I'm not keen on gambling myself. Especially with the taxpayer's money. It is risky and also based on a couple of false premises. The big false premise is that these redevelopment projects increase sales tax. For example, giving a subsidy to Wal-Mart or a car dealership doesn't produce more sales tax. It might divert a bigger share of total sales tax to a particular city or entity, but it doesn't produce more sales tax. People don't buy more cars or underwear because there is a new dealership or Wal-Mart in town. Yet, giving tax money as incentives to businesses depletes the pot of tax money that can be spent on services. So, overall, the taxpayers are getting ripped off. There is a reason the Walton's are among the richest people in the world and cities are going broke.
2. Tax All Revenue Sharing Agreements.
I swear, I cringe every time I hear the phrase "win-win". It usually means the taxpayers lose.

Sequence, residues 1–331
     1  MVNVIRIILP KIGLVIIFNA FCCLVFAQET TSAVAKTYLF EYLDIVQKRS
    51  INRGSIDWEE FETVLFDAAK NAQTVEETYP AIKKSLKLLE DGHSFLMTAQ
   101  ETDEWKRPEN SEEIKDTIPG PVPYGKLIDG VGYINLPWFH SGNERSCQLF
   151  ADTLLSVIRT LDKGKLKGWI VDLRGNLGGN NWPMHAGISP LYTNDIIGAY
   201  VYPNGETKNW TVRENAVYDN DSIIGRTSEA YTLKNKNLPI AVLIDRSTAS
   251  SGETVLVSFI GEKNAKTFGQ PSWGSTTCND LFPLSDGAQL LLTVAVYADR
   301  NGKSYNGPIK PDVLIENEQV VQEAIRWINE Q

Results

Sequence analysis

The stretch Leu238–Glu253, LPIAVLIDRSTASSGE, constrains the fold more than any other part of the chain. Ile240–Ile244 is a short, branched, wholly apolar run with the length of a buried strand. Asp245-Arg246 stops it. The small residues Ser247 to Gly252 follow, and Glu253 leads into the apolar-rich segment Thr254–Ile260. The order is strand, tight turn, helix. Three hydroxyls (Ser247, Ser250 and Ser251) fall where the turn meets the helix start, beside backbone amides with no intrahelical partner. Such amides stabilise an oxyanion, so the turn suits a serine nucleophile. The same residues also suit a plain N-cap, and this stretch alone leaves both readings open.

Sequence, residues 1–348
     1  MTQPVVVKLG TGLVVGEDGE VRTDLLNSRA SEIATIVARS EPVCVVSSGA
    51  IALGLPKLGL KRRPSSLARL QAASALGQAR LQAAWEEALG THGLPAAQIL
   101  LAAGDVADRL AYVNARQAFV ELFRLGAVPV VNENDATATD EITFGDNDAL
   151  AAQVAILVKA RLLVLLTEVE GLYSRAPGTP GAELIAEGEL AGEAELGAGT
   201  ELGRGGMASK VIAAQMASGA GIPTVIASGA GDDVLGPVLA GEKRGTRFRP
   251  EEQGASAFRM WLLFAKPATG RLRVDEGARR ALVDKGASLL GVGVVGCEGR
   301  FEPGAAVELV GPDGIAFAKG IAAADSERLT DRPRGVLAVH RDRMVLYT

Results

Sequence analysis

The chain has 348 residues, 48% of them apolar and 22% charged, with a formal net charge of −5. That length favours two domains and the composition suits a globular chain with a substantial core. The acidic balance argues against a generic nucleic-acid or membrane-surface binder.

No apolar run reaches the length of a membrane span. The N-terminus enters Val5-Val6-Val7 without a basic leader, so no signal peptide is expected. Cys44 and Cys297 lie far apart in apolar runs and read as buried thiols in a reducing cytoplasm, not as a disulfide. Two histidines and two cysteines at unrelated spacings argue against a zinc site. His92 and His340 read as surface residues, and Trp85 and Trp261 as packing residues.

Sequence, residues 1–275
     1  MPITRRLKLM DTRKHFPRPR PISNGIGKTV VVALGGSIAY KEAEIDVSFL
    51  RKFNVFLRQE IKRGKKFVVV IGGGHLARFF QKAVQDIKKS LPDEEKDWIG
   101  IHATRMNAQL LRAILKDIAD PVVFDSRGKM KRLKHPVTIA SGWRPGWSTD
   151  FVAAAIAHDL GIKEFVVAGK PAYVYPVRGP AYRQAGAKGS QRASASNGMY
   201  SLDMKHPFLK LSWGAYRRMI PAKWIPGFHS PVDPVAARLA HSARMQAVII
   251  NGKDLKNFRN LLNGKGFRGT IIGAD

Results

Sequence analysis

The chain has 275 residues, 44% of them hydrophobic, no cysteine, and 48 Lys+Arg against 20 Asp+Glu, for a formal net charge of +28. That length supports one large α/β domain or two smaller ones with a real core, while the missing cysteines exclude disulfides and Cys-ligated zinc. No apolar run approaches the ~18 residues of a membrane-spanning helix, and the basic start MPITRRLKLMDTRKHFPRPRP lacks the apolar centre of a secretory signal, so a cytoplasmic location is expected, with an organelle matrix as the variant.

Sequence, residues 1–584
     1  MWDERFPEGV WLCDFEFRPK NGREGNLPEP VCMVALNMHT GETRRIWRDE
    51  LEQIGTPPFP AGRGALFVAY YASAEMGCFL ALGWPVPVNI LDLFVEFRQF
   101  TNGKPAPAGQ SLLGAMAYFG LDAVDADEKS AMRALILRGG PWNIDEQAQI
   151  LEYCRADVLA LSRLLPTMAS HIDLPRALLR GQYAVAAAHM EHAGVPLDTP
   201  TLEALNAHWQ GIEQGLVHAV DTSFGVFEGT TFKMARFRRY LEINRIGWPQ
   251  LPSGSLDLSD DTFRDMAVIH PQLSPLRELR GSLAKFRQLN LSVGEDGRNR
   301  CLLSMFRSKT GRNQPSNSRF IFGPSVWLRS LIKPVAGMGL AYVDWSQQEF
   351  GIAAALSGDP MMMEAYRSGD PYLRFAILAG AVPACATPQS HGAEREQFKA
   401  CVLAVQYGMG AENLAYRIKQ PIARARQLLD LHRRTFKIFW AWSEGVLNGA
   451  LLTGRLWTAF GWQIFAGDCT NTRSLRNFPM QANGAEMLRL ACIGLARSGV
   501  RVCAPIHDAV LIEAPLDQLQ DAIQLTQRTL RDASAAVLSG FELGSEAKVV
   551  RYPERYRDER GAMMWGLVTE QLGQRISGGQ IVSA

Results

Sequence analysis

Poway had an agreement with Gateway, the computer company that was located in our industrial park for a time. Gateway agreed to designate Poway as the location where their online sales happened. And Poway agreed to split the sales tax haul with Gateway. So Poway may have accrued more sales tax, but some other city was losing it, and Gateway was getting half of the sales tax that would have funded services in some city or other if Poway and Gateway hadn't struck this deal. The state should grab a percent, a huge percent of these deals as a way to discourage cities from stealing tax from each other and giving a big bunch of it to a corporation instead of funding services.
3. Reconfigure the way sales tax is distributed.
Heck, the redevelopment agencies pilfered the tax increment money from the state in the first place. It is time to get even. I encourage you to think big and do something that will have a positive impact on the way cities are zoned and managed. Do something about the way sales tax is distributed. I would suggest that some percent go to the state coffers, and the rest be distributed based on population.